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ItemENhAncing Lifestyle Behaviors in EndometriaL CancEr (ENABLE): A Pilot Randomized Controlled TrialEdbrooke, L ; Khaw, P ; Freimund, A ; Carpenter, D ; McNally, O ; Joubert, L ; Loeliger, J ; Traill, A ; Gough, K ; Mileshkin, L ; Denehy, L (SAGE PUBLICATIONS INC, 2022-01-01)PURPOSE: Endometrial cancer is associated with the highest comorbid disease burden of any cancer. The aim of this trial was to assess the feasibility and safety of an allied health intervention during adjuvant treatment. METHODS: A mixed-methods pilot randomized (2:1) controlled trial with concealed allocation and assessor-blinding. Eligibility criteria: adjuvant endometrial cancer treatment scheduled, disease stage I-IIIC1, ECOG 0-2 and able to perform unsupervised physical activity (PA). Participants received usual care and 8 sessions of weekly, individualized, lifestyle education (diet and PA) with behavior change and social support (intervention group), delivered predominantly by telehealth, or usual care alone. Feasibility outcomes: recruitment and consent rates, decline reasons, program acceptability, intervention adherence and retention. RESULTS: 22/44 eligible patients (50%, 95%CI: 36%, 64%) were recruited over 10 months (14 intervention, 8 usual care). The recruitment rate was 2.2 patients/month (95%CI: 1.4, 3.3). Patients who declined had too much going on (7/22, 32%) or were not interested (6/22, 27%). Mean (SD) age and BMI were 63.2 years (6.8) and 31.9 kg/m2 (6.7). A majority were FIGO stage I (15/22, 68%) and received vaginal brachytherapy (14/22, 64%). Adherence was high, 11/14 (79%, 95%CI: 52%, 92%) participants attended >70% of scheduled sessions. Retention was 100% (95%CI: 85%, 100%) at 9 weeks, however completion of objective measures was impacted by COVID-19 restrictions. Telehealth and online questionnaires enabled participation. No serious adverse events occurred. CONCLUSION: The intervention was acceptable to participants with high levels of adherence and retention. Trial findings will be used to design a future RCT. TRIAL REGISTRATION: The trial was registered on www.anzctr.org.au (ACTRN12619000631101) 29/04/2019.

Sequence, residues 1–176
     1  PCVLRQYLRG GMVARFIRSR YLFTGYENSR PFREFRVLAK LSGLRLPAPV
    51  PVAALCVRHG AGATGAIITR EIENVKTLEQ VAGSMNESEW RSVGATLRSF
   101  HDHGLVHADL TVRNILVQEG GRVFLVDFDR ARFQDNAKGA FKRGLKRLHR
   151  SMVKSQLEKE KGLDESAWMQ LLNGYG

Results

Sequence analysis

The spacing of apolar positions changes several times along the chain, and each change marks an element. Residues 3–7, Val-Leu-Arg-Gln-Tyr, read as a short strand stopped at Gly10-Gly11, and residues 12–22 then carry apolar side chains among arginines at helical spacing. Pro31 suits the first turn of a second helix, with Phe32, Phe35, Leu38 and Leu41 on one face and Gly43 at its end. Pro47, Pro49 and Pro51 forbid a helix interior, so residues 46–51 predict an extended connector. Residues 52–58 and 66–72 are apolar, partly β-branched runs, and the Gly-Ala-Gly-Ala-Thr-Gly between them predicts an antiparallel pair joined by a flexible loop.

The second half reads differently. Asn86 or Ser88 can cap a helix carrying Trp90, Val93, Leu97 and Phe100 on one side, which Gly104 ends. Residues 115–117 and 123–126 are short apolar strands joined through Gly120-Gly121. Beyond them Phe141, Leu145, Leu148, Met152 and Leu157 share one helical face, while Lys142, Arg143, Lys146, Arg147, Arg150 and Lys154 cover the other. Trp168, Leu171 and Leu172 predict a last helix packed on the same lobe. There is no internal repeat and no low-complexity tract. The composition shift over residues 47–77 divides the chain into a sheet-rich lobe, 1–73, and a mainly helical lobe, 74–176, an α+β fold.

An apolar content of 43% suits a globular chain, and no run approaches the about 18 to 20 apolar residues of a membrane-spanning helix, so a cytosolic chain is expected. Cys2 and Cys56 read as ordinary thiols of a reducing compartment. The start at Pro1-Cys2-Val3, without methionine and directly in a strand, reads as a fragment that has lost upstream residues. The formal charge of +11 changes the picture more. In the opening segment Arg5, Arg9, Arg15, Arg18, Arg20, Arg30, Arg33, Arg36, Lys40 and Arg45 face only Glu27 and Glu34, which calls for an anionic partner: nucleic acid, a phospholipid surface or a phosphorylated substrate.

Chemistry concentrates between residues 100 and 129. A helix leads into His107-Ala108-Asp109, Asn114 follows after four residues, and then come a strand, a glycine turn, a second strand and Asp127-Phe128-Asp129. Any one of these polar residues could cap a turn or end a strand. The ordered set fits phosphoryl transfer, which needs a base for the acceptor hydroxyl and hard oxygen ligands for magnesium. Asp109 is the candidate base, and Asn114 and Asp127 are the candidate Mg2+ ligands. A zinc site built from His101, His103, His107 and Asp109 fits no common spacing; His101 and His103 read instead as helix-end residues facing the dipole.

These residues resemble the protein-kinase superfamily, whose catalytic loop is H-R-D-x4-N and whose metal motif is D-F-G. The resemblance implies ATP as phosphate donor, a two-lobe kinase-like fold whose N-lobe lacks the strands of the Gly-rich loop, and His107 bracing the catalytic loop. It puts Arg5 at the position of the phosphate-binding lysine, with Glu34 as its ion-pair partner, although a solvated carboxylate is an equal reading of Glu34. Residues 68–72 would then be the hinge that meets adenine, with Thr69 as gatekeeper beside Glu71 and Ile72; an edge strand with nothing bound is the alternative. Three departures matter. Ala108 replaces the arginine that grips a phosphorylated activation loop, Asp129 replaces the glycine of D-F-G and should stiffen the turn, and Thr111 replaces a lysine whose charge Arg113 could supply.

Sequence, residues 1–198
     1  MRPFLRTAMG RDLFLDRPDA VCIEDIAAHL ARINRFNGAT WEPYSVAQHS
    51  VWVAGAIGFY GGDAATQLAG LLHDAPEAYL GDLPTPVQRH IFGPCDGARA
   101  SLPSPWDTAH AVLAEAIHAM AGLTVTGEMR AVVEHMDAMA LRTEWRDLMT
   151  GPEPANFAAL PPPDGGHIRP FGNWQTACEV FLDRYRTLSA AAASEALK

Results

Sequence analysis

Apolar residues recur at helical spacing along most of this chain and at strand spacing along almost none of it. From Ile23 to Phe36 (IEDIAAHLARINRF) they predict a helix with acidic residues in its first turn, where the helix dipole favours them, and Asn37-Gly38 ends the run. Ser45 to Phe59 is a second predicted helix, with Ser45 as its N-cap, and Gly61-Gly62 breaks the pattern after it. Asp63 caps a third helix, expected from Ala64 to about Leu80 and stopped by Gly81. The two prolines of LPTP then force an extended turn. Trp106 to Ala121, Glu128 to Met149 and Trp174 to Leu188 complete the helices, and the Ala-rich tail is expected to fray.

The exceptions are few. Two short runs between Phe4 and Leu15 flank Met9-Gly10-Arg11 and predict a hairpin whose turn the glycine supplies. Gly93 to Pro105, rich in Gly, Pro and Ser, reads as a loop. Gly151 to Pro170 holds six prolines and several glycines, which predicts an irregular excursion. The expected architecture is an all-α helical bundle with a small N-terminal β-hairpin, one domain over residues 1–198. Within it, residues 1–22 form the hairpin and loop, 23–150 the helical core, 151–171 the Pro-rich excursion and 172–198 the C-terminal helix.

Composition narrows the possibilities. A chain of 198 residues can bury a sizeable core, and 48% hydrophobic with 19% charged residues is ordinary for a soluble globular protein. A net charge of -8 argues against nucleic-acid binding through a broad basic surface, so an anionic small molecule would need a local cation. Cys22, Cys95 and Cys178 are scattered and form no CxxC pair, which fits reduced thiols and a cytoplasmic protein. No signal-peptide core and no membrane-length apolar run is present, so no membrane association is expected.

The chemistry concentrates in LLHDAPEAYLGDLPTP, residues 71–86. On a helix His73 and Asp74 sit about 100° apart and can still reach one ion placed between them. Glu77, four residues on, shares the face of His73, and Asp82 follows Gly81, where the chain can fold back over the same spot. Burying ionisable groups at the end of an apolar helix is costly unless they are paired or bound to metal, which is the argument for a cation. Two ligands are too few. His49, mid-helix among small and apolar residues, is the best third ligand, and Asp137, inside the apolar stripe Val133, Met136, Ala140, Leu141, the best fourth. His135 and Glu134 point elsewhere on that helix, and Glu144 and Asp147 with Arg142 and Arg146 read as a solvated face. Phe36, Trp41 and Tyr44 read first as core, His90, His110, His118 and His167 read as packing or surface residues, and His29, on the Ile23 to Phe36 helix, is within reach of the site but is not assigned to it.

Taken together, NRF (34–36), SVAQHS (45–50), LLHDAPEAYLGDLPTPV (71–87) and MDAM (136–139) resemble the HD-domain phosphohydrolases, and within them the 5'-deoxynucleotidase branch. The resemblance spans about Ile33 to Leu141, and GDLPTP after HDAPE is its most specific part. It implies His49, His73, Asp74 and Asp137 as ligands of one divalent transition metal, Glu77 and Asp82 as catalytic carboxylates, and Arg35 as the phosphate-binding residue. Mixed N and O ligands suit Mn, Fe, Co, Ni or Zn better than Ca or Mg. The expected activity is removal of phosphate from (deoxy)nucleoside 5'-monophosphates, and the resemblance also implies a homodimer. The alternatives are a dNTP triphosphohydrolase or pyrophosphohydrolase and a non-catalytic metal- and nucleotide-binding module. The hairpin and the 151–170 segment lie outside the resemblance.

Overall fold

ItemExercise rehabilitation for patients with critical illness: a randomized controlled trial with 12 months of follow-upDenehy, L ; Skinner, EH ; Edbrooke, L ; Haines, K ; Warrillow, S ; Hawthorne, G ; Gough, K ; Vander Hoorn, S ; Morris, ME ; Berney, S (BMC, 2013-01-01)INTRODUCTION: The purpose of this trial was to investigate the effectiveness of an exercise rehabilitation program commencing during ICU admission and continuing into the outpatient setting compared with usual care on physical function and health-related quality of life in ICU survivors. METHODS: We conducted a single-center, assessor-blinded, randomized controlled trial. One hundred and fifty participants were stratified and randomized to receive usual care or intervention if they were in the ICU for 5 days or more and had no permanent neurological insult. The intervention group received intensive exercises in the ICU and the ward and as outpatients. Participants were assessed at recruitment, ICU admission, hospital discharge and at 3-, 6- and 12-month follow-up. Physical function was evaluated using the Six-Minute Walk Test (6MWT) (primary outcome), the Timed Up and Go Test and the Physical Function in ICU Test. Patient-reported outcomes were measured using the Short Form 36 Health Survey, version 2 (SF-36v2) and Assessment of Quality of Life (AQoL) Instrument. Data were analyzed using mixed models. RESULTS: The a priori enrollment goal was not reached. There were no between-group differences in demographic and hospital data, including acuity and length of acute hospital stay (LOS) (Acute Physiology and Chronic Health Evaluation II score: 21 vs 19; hospital LOS: 20 vs 24 days). No significant differences were found for the primary outcome of 6MWT or any other outcomes at 12 months after ICU discharge. However, exploratory analyses showed the rate of change over time and mean between-group differences in 6MWT from first assessment were greater in the intervention group. CONCLUSIONS: Further research examining the trajectory of improvement with rehabilitation is warranted in this population. TRIAL REGISTRATION: The trial was registered with the Australian New Zealand Clinical Trials Registry ACTRN12605000776606.